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My wife's textbook says that these two are the same:

  1. He said to me, "I want you to join the game."
  2. He told me (that) he wanted me to join the game.

I'm not a native English speaker, but in this situation I would say "He told me (that) he wants me to join the game." Maybe I'm wrong, but to me wanted indicates that while he previously did want, he didn't want it anymore when he spoke to me. Or, if the entire story is in a novel or something, I think the past tense would be used.

In which situations do you use the past tense (e.g. wanted) after "told me that"? In which situations do you use the present tense (e.g. wants)? I would appreciate some example sentences as well.

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He said to me, "I want you to join the game."

He spoke to you at a time in the past, but the words in quotation marks are the actual words he said at that time, so those words are in the present tense because they are the actual words he spoke.

He told me (that) he wanted me to join the game.

Again, he spoke to you in the past, but this time the reported words are not the actual words that he spoke, but are the gist or sense or 'description' of what he said. Because this is describing what happened and what was said in the past (and is not directly quoting what was said), then we use the past tense: the speaking and the wanting both happened in the past.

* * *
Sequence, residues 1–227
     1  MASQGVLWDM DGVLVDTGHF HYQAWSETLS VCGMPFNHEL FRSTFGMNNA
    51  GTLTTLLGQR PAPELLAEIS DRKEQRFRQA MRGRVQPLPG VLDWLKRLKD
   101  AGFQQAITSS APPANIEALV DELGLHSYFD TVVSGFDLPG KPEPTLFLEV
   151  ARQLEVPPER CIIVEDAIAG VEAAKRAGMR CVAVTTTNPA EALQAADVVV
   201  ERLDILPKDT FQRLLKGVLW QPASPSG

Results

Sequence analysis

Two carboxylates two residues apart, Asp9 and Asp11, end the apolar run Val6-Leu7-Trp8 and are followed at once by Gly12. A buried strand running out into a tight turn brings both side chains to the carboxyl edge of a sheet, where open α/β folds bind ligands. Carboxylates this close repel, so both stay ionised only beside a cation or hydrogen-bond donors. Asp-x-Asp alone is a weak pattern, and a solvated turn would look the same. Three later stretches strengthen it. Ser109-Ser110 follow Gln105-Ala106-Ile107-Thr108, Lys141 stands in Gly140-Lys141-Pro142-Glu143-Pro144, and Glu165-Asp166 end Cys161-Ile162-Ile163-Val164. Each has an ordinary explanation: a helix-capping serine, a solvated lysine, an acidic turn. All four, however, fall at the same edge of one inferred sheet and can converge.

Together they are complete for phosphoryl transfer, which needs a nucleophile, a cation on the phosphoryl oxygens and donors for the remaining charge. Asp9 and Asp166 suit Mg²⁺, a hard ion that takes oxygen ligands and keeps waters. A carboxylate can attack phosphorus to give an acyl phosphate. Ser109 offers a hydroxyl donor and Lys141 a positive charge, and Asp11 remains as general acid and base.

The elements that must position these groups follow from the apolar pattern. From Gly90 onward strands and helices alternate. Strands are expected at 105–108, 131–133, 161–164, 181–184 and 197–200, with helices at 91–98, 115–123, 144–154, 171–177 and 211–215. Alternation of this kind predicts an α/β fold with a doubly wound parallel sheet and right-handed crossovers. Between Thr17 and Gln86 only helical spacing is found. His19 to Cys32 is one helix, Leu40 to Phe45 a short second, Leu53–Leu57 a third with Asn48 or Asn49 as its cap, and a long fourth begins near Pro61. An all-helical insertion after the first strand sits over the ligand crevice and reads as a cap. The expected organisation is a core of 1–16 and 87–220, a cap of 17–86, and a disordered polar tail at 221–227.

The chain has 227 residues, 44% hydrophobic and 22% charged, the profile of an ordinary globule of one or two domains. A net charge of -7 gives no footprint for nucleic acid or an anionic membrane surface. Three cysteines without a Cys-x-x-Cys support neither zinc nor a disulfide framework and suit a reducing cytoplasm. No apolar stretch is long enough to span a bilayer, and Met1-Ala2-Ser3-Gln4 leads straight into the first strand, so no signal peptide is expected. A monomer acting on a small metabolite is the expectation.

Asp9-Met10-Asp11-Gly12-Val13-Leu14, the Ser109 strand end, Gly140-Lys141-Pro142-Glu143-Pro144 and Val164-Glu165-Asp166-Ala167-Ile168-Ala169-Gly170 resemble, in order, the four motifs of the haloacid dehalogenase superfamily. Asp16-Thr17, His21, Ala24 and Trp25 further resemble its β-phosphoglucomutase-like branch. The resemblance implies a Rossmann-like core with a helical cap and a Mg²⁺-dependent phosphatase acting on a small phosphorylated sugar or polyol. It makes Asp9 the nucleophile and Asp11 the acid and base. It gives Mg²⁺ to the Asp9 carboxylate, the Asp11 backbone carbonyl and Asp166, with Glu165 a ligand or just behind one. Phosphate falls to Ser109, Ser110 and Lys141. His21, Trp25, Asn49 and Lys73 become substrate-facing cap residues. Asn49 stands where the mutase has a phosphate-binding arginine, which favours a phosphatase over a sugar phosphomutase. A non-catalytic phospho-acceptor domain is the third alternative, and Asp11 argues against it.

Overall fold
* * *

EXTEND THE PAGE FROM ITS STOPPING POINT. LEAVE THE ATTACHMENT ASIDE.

You have commented that, to you, "wanted indicates that while he previously did want, he didn't want it anymore when he spoke to me." If that were the case, then the first example would have been:

He said to me, "I wanted you to join the game."

meaning "but I no longer want you to" or that it's too late to join the game.

In this event, your second example would have been:

He told me (that) he had wanted me to join the game.

The use of "had wanted" means that it was already in the past when he said it. Putting it another way: "told" is already in the past; but "had wanted" is even further in the past.

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